Primrose Hill: a Study of a High Street
The High Street is changing across the UK – perhaps across the world, and who is changing it? Governments? Local politicians? No, we are. Our own shopping habits are shaping our HIgh Streets, and retailers need to adapt to our demands or watch us take our money elsewhere.
Haven’t we all heard it? That there are too many coffee shops and estate agents taking over our high streets, while independently-owned shops are dying out. That our formerly individual High Streets are becoming uniform and bland. That family businesses can no longer make a secure living in the face of encroaching chain stores.
Tensions rose in Primrose HIll in November 2012 when an empty unit was leased by SpaceNK. Good quality make-up and toiletries and a tasteful facade, fitting in perfectly with the parade of shops; what could be more acceptable in Primrose Hill? Well, plenty, it turns out. A petition was started against ‘chain stores’ setting up in Primrose Hill, and the issue hit the local and even national press. A high-profile neighbourhood, considered aspirational and privileged, turning in on itself, arguing over the arrival of a high-end boutique, caused quite a spectacle.
But ‘no chain stores in Primrose Hill’? Whoever thought that up obviously hadn’t noticed William Hill. And Nicolas. Shepherds. Press. Anna. Melrose and Morgan. The Primrose Bakery. Negozio Classica. Many of our best-loved and most defining shops and restaurants are parts of chains, so to petition against chains is a bit late – and unwelcome to those who cherish those shops. And judging by the crowded launch party and hectic first day of trading, both of which I attended, as well as steady trade since, shows that Space NK has been welcomed by residents and visitors alike. Petitions can have their uses, but to campaign against individual businesses leaves me uneasy; at what point do campaigners feel that they can campaign, say, against individual s buying or renting houses? If it’s fair game to campaign against an individual shop, at what point does society tip over into campaigning against individuals? And why shouldn’t shop-owners expect to be able to rent units out at market rate, just as residential landlords do, rather than only to those shopkeepers who pass muster according to non-representative fellow shop-keepers. And if a good-quality, attractive-looking shop like SpaceNK is considered dubious, aren’t we setting the bar neither too high nor too low but in a rather strange place altogether?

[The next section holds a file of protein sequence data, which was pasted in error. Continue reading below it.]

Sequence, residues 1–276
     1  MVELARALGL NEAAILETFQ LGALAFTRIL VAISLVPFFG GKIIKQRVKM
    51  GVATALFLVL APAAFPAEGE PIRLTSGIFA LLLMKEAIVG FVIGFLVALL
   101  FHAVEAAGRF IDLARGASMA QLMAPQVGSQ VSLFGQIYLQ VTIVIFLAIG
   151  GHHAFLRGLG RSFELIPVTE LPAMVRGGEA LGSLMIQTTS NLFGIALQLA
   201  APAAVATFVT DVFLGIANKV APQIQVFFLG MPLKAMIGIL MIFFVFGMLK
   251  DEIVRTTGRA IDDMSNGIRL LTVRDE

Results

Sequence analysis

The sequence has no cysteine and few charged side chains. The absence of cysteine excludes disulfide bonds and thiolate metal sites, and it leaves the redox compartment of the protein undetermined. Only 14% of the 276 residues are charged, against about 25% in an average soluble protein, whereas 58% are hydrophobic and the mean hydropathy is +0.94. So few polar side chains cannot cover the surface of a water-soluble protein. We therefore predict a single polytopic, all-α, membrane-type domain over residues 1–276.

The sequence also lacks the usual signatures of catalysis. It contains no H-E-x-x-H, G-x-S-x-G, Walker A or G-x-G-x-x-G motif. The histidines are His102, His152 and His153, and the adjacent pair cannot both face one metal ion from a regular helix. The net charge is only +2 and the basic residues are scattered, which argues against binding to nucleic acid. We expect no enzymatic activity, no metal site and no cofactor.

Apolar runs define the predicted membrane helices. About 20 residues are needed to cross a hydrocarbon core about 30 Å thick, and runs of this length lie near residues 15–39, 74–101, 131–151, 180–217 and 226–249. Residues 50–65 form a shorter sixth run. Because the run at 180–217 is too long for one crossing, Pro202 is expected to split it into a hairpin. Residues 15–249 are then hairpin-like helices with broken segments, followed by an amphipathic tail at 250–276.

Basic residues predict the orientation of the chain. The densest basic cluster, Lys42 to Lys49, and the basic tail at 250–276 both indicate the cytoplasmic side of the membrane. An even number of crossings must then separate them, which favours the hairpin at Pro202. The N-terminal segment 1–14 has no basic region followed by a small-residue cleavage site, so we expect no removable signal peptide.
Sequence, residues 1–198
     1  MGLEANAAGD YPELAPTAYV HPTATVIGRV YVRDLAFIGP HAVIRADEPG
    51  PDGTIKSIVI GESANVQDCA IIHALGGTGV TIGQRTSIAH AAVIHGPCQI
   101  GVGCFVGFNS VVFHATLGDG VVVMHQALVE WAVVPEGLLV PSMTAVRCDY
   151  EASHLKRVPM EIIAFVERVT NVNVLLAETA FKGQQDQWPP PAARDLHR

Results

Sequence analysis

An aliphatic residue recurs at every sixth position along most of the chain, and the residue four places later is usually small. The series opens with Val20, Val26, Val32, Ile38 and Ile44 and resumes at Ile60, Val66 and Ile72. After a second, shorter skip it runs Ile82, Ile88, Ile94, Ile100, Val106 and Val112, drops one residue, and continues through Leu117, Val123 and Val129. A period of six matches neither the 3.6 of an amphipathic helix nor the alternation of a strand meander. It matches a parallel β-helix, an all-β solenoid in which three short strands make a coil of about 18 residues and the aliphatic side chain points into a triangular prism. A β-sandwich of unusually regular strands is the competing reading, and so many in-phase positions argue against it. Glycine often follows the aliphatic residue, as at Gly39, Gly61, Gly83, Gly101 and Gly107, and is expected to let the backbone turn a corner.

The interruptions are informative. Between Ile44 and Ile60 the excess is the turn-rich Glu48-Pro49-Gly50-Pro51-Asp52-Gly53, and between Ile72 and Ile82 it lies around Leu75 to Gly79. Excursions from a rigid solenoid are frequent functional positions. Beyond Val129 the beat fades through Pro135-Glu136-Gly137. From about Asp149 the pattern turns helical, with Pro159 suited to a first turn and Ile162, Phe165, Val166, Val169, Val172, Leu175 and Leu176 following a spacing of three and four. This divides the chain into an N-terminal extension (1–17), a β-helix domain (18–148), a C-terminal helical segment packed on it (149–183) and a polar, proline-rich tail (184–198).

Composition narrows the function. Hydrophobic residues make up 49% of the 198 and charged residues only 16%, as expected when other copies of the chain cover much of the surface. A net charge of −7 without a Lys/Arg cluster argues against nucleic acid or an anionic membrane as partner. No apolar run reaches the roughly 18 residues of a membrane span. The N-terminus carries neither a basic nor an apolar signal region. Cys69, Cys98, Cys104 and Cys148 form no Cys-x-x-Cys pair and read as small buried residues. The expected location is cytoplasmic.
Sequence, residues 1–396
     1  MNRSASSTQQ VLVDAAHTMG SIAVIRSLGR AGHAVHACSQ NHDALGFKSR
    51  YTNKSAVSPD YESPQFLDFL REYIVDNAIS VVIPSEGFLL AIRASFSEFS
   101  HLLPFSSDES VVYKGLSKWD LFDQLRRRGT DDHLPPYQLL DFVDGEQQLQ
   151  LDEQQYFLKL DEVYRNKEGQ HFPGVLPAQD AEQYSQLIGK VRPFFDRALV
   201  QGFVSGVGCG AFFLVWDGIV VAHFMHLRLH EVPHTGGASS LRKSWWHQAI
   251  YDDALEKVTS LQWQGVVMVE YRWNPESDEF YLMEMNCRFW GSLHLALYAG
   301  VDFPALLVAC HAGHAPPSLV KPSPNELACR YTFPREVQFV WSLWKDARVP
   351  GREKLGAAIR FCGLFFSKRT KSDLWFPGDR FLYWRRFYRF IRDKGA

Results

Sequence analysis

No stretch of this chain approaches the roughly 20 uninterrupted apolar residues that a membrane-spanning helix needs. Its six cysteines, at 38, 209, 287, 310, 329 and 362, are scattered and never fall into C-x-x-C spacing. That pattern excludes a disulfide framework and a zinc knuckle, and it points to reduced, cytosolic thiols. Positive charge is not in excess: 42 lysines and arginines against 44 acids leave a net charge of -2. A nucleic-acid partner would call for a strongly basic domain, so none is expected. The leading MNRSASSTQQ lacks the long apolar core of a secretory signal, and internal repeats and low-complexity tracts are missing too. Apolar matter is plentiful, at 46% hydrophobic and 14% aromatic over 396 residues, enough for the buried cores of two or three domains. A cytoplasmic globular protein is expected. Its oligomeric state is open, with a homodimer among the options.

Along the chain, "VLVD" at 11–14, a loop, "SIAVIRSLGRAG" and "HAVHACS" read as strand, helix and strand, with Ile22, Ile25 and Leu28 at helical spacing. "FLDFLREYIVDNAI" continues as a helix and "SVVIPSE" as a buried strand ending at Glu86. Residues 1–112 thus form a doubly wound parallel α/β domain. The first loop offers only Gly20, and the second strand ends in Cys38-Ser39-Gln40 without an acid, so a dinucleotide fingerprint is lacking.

Maybe the most meaningful changes have already taken place. Our grannies, certainly, wouldn’t recognize our current shopping habits. We shop online for groceries, clothes, electronics, and we have cars to load up with shopping when we go to the supermarkets. Is that a bad thing? Would our grannies disapprove? Of course not! Who would really prefer to walk every day to individual shops to buy fresh food, and carry it home in a bag or a trolly? Once upon a time, we had no choice but to visit the butcher, the baker, the candlestick maker – and by candlestick maker I don’t mean Jo Malone! We needed candles to light our homes. Now we have electric lightbulbs, so of course the candlestick maker became obsolete. That’s market forces, and these same forces are shaping our High Streets still.
What can’t we buy online? A flat white. A warm croissant. Human interaction. People-watching. Dog-watching, for that matter. Now that we have entered the era of online shopping for all of our necessities, we have also entered the era of the coffee shop, which is alive and well in Primrose Hill, and a very good thing it is too. The retired, those who work at home, parents, dog-walkers; all these folk are to be observed in their natural habitat, cheek by jowl in the coffee shops of Primrose Hill. And when you consider what our little urban village has to offer – a beautiful park with London’s most uplifting view, and a charming shopping hub with a range of gorgeous shops and cafes; what could be more enjoyable that a stroll up the hill followed by a browse in the shops, followed by lunch or a coffee, watching the world go by at the same time? And why shouldn’t shops, cafes restaurants and pubs cater for that particular demand and profit from it? Happy customers, happy restaurateurs and retailers: absolutely nothing wrong with that!
Perhaps the function of our village is no longer to provide locals with our basic provisions, which we can buy online or at supermarkets. If market forces decree that Primrose Hill should now be a hub for food and drink, a magnet for civilized social interaction where good quality, interesting boutiques can thrive, I for one am delighted, and wish all of our traders the greatest of success.